December 15 — 6:29 pm, 2011

Proposed charter law changes unlikely to improve schools

The state House rejected a voucher bill last night, but concerns remain about the charter law changes Governor Corbett proposed as part of the bill. In this guest blog post, Susan DeJarnatt and Theresa Glennon, professors of law at Temple University Beasley School of Law, describe the proposed changes and their shortcomings.

Pennsylvania currently spends nearly a billion dollars on charter schools, and Gov. Tom Corbett proposes to escalate their growth dramatically.

The School District of Philadelphia alone is paying $525 million dollars – more than 20 percent of its total budget – to charter schools. Just five Pennsylvania cyber charter schools receive over $200 million dollars – getting the same per pupil funding as bricks and mortar schools despite minimal costs for facilities and much lower staffing costs. Charter schools are increasingly operated by large, for-profit companies more beholden to their shareholders than to the students they teach. Already, the oversight system is under strain.

Charter schools have yet to prove they can outperform public schools, yet Corbett’s plan favors their growth. And despite numerous scandals concerning fiscal mismanagement, Corbett proposes to centralize and reduce that oversight even more.

Charter schools have failed to improve on public schools. Researchers at Stanford University recently concluded that students in Pennsylvania on average make smaller learning gains in charter schools than they would if they attended neighborhood public schools – and in the case of students in cyber charter schools, their performance actually decreased. They also serve significantly fewer students with severe disabilities and students for whom English is a second language.

Taxpayers also have good reason to worry about how charter schools spend our tax dollars. Five charter school operators have been convicted of misuse of public funds. Two others were recently indicted. Nineteen Philadelphia charters are or have been investigated by the US Attorney’s office for concerns about financial mismanagement. The Philadelphia city controller’s 2010 investigation showed numerous concerns about conflicts of interest, nepotism in hiring, and dubious leasing arrangements that benefited related organizations at the expense of the school.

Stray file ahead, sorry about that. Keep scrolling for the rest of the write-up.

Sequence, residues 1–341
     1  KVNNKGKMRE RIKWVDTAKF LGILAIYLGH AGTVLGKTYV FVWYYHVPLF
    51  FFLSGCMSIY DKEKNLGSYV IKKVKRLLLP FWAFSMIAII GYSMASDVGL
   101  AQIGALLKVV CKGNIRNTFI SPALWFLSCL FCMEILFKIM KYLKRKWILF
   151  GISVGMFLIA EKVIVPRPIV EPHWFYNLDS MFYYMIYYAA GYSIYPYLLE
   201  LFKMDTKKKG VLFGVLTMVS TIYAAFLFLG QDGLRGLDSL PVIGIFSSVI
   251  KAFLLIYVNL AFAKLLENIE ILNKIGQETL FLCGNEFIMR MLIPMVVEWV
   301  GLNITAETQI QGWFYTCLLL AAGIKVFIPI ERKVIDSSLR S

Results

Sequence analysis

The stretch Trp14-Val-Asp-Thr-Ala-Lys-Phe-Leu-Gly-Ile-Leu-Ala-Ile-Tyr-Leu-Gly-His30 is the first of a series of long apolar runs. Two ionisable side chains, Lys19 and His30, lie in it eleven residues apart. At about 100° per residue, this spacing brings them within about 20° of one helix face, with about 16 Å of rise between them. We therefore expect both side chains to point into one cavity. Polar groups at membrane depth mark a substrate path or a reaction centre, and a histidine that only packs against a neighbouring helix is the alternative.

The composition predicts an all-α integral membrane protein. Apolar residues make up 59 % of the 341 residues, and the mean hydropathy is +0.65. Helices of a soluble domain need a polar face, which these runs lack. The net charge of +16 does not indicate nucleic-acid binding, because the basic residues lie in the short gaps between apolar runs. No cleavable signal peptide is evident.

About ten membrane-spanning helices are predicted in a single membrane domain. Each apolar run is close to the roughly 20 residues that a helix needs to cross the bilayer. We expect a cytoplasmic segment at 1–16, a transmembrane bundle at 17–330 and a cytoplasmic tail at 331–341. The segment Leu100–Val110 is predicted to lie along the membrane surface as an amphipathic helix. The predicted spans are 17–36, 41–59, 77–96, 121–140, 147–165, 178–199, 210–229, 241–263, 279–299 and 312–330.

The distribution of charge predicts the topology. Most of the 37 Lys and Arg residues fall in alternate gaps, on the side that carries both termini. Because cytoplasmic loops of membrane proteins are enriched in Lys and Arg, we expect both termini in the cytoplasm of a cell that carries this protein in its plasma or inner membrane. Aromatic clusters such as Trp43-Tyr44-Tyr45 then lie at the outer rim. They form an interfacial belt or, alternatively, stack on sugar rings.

This discouraging track record points to the need for strong oversight of the use of public funds. Our current oversight system is inadequate. Although charter schools must provide budgets and audits to local and state agencies, Pennsylvania has not provided funds to the Pennsylvania Department of Education or the local school districts to allow close monitoring of charters.

Yet, instead of improving oversight, Corbett’s proposal places oversight in the hands of a politically appointed state commission that may well be paid by those whom they are charged with regulating – charter school operators. In addition, new charter school applicants can avoid local scrutiny and gain approval despite a negative impact on local communities. Charters would last for 10 years instead of the current 5 and renewal would be automatic unless the commission acts.

We can do better. Charter school operators should be required to demonstrate that they will improve the education of their students and be held accountable for failure to do so. We must ensure that our tax dollars are spent on education, not nepotism and excessive salaries. Dedicated state funds should be provided to local school districts to monitor the schools in their communities. In addition, charter schools should be required to emulate KIPP’s Open Book policy, which makes all of its financial information and audits available on its web page.

Vast increases in spending on charters at the expense of traditional schools do not make educational or fiscal sense unless we raise the bar for charter school performance and carefully monitor their spending. Corbett’s plan does neither and should be rejected.

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